September 23, 2016

Pause training – mix things up with a pause

Pause training is thought of as an intermediate to advance technique, but I think there are some good applications even for the beginner.  In this episode, we'll discuss pause training and how you can use it in a safe and effective way.

Benefits of pause training:

  1. Increase intensity
  2. Improves strength through the full range of motion
  3. Often safer than other methods

This method works for two basic reasons:

  1. It increases the time under tension.  Most beginning trainees focus on the number of repetitions and sets.  Added together these represent the total number of repetitions for any given exercise.  Yet, there is one other dimension in weight lifting, which is the time the weight is being moved.  Increasing this time variable ramps up the intensity.
  2. It removes momentum from the lift.  Many lifters have a natural bounce at the bottom of a lift.  This allows them to build momentum, which reduces the total intensity of the exercise.  Using a pause reduces or eliminates this momentum.

Two use cases for pauses:

  1. Sticking point.  A sticking point is where you are weakest with a range of motion.  For many lifters, this is the bottom of bench press or when your arm is fully extended in an arm curl.  By lowering the overall weight used and pausing around the sticking point, you'll build more strength around that point in the range of motion, allowing you to lift more through the entire range of motion.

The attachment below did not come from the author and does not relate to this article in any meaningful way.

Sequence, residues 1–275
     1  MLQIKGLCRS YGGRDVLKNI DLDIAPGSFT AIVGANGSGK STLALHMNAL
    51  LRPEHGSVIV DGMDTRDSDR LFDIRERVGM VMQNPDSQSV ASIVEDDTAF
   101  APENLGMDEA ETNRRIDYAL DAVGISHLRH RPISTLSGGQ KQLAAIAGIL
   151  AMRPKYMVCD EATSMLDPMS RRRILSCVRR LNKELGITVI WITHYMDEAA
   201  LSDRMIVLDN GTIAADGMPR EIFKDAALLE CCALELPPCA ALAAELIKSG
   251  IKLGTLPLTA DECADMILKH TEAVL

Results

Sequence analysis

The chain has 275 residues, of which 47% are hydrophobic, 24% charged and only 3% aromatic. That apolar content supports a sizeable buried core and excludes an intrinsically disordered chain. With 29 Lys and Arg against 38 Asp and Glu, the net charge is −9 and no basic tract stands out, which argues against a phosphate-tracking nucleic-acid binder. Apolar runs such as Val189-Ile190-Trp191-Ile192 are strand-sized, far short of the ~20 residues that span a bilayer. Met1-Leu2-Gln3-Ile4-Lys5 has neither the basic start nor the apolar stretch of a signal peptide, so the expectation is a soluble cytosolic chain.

2. At the bottom of the range of motion.  I will use pauses at the bottom of a range of motion to help build flexibility and control at that point of a lift.

Application:

I use pause training in two different types of exercises.

  1. For isolation movements like the bicep curl or triceps extension.  In isolation movements, you can use a pause to either eliminate momentum or work through a sticking point.  Be careful as isolation movements typically use one muscle group and one joint and the added stress of the pause can cause an injury if not properly supervised.
  2. For compound movements like the squat or push up.  I used the technique for both momentum reduction and range of motion work.  You'll still want to watch your form, but this is the safest use of pause training.

Example of pause training:

Squat to the bottom and hold for improved range of motion:

  • Use 50 – 70% of your normal weight for the lift.
  • Hold for 3 seconds.
  • Use a timer, it is difficult to count seconds to yourself when you get fatigued.
  • Drive out of the bottom using good form.

Body by science | Dr. Doug McGuff

allan

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